In a landmark decision, Justice Shahid Jamil of the Lahore High Court has taken a firm stance on the legality of audio or video evidence. This ruling has sparked a conversation about the complexities of justice and privacy in the digital age. In his words, he asserted that any audio or video recording in the absence of its scribe is not admissible as evidence. His interpretation implies that a person featured in an audio or video recording is a victim, not an accused. Furthermore, he underscored the state’s responsibility to take action against the person who recorded the audio or video. In case of state inaction, it could be presumed that they are complicit in the act. This revolutionary ruling reinforces the notion of privacy and consent in the digital sphere and offers a unique perspective on the digital rights of citizens.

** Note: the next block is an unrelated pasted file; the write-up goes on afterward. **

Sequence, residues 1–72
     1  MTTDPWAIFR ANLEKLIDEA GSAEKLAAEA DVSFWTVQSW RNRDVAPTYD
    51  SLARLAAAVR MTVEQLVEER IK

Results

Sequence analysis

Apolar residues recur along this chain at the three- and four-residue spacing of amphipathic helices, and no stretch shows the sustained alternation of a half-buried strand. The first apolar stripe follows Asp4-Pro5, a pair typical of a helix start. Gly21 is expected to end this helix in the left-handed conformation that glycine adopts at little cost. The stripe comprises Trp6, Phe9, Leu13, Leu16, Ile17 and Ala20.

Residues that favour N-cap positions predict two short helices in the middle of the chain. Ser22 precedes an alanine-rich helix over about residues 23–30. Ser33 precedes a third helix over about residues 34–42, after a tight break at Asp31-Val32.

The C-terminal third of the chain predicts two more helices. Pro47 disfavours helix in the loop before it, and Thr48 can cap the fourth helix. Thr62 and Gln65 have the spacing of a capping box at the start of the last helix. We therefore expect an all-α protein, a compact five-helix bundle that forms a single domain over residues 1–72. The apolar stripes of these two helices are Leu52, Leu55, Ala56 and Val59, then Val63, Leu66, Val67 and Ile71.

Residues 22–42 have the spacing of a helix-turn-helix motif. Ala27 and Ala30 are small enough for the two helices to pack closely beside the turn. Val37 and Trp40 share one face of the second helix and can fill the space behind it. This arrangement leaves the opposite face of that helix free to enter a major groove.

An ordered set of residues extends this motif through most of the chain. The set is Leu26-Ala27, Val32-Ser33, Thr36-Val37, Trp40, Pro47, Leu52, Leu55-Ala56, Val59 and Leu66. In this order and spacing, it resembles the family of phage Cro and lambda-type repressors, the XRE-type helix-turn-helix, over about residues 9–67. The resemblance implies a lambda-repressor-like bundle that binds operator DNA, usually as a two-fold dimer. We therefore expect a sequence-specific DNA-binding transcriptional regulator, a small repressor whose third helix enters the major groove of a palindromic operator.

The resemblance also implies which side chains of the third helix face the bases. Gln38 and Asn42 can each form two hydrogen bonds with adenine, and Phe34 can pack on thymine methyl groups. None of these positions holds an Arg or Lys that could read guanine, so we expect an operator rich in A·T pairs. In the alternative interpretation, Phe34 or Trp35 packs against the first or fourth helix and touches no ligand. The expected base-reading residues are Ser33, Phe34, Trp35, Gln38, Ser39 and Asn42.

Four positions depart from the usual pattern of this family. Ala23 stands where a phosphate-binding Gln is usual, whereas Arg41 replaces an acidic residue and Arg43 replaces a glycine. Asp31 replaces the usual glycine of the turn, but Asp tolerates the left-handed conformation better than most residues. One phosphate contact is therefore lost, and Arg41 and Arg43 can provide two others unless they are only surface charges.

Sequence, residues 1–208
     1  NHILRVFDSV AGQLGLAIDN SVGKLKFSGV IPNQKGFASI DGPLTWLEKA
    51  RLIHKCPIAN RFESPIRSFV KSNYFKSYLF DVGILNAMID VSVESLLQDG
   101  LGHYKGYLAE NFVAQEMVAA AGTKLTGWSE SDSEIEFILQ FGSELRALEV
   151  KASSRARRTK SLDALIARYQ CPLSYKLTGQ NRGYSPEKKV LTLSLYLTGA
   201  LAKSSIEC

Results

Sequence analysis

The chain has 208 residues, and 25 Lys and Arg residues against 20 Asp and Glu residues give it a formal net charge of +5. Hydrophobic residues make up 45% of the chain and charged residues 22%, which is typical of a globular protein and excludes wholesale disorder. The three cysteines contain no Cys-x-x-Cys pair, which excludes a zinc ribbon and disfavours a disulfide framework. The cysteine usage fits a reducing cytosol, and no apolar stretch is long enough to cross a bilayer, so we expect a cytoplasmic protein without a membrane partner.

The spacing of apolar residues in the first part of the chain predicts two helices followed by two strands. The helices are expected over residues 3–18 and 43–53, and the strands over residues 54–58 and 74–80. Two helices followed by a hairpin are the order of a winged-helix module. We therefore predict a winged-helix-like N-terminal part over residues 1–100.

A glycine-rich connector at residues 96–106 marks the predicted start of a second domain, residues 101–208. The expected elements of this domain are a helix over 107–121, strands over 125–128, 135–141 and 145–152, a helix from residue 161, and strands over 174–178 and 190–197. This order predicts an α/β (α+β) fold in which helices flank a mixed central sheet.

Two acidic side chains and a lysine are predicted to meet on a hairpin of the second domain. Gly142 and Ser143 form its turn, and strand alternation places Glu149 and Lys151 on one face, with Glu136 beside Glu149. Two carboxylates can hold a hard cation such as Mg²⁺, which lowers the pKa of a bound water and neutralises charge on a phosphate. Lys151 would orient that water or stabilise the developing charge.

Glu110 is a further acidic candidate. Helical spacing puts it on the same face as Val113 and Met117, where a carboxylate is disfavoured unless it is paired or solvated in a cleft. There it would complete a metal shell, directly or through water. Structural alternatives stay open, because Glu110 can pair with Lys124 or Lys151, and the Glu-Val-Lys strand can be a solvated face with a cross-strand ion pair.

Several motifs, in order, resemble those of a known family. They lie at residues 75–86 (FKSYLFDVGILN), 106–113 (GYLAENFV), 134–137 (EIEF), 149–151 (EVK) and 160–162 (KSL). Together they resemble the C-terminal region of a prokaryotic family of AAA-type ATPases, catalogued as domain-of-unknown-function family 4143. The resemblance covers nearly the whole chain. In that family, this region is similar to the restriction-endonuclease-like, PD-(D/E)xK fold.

As this ruling resonates strongly with our commitment to justice and democracy, we wanted to share it with our readers on InsafInternational.com. We believe it will stimulate thoughtful conversations about our rights and responsibilities in this increasingly digitized world.